Crescent Point pays top dollar for junior explorer
Release Date: September 12, 2006
00:00 EDT Tuesday, September 12, 2006
CALGARY — Crescent Point Energy Trust says it is paying about $700-million for Mission Oil & Gas Inc., doling out top dollar for a junior explorer with a major position in the potentially prolific Bakken oil field in Saskatchewan.
It is the trust’s biggest move to date, extending a string of 14 deals that Calgary-based Crescent Point did in the past year, spending a total of about $700-million for those acquisitions. The trust mostly used its units to pay for the deals, and the number of units outstanding has doubled to 63 million at June 30 from 31 million at the end of 2004.
Crescent Point said it plans to increase the float by another 50 per cent, issuing 31.8 million units to pay for Calgary-based Mission.
The new units with which Crescent Point is acquiring Mission were valued at $622-million, based on Crescent Point’s $19.55 close on the Toronto Stock Exchange yesterday, down $2.45 cents or 11.1 per cent. The units were valued at about $700-million when the deal was announced before the start of trading yesterday.
Mission stock fell $1.46 or 10.2 per cent yesterday to $12.84.
Many energy trusts sell units to investors to pay for acquisitions, which are meant to make up for internal production declines, rather than trying to maintain production through their own drilling. Some investors have questioned the long-term sustainability of selling units to buy production.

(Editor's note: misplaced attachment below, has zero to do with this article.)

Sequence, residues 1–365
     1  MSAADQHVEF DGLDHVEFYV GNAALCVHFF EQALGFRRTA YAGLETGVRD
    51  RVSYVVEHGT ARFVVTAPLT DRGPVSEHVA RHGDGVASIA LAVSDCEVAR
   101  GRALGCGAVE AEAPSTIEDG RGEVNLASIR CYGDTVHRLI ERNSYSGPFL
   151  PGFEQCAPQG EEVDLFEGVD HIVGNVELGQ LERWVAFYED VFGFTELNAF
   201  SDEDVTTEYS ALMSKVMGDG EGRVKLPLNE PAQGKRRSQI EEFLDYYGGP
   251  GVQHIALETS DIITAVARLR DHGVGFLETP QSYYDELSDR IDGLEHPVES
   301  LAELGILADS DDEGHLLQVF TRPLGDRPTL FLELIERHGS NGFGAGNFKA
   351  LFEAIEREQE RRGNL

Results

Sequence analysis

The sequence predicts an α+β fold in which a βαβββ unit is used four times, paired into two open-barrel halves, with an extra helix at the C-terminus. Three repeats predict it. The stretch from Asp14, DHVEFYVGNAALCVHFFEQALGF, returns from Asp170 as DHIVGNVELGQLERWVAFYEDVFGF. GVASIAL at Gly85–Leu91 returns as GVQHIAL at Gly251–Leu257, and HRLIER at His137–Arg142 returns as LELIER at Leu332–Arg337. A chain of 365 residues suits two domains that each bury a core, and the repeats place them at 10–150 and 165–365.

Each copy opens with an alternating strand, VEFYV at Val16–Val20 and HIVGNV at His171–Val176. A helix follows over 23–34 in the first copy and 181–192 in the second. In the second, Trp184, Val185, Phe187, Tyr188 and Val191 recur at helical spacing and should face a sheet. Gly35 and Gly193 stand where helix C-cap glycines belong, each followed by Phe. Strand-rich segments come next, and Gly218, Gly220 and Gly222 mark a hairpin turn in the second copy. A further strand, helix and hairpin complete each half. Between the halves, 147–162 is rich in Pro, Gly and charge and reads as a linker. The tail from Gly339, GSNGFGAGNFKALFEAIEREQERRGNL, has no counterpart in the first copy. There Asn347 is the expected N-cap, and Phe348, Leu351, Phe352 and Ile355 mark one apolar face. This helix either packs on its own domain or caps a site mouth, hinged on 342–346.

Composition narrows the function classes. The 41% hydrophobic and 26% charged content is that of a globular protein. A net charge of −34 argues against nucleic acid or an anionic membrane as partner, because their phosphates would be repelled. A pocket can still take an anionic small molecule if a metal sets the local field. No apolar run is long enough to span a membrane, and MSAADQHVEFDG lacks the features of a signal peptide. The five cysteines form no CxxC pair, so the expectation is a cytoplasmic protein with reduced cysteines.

Crescent Point is paying a high premium for Mission. The price equates to $109,000 for each of Mission’s 5,500 barrels of daily output, more than a third higher than the average valuation of a selection of junior explorers followed by brokerage Peters & Co. Ltd.
Crescent Point said it believes the Bakken field might hold more than a billion barrels of original oil in place, which would rank among the biggest half-dozen crude discoveries in Western Canadian history. It said there is “significant potential” to more than double Mission’s 14 million barrels of proved reserves in the next three years. “The ability to drill hundreds of low-risk development wells each year on the Mission asset base . . . will significantly add to Crescent Point’s sustainability,” Scott Saxberg, the company’s president and chief executive officer said in a statement.
Bakken’s potential gained attention in the past several years and became well known last year, according to a report in 2005 by FirstEnergy Capital Corp. The first oil production from the Bakken occurred about 1955 when Mobil Oil drilled a successful well.
Of Mission’s 5,500 barrels a day, about 4,000 are from the Bakken in southeast Saskatchewan.
‘ The Globe and Mail